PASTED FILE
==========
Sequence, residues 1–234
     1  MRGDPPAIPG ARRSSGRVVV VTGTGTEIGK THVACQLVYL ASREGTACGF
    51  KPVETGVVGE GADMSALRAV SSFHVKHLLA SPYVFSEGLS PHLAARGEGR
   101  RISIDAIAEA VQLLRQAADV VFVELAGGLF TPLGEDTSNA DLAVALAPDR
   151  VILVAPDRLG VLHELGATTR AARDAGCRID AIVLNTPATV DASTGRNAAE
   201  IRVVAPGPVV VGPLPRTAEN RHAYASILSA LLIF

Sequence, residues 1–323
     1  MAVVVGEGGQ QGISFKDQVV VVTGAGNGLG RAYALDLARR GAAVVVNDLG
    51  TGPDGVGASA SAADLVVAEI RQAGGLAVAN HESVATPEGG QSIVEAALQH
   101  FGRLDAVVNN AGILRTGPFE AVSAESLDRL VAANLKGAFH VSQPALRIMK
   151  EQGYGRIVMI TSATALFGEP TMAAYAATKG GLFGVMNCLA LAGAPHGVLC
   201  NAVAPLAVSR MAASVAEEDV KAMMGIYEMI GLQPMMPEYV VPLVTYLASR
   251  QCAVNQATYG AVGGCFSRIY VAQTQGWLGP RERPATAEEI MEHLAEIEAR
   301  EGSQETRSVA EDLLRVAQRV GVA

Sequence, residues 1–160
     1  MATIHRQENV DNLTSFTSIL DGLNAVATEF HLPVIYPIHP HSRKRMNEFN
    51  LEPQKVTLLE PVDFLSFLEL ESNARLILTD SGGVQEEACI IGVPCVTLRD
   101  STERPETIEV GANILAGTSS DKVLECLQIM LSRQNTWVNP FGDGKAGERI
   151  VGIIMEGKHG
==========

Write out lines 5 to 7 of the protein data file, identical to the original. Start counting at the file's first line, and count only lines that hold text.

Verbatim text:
   151  VILVAPDRLG VLHELGATTR AARDAGCRID AIVLNTPATV DASTGRNAAE
   201  IRVVAPGPVV VGPLPRTAEN RHAYASILSA LLIF

Sequence, residues 1–323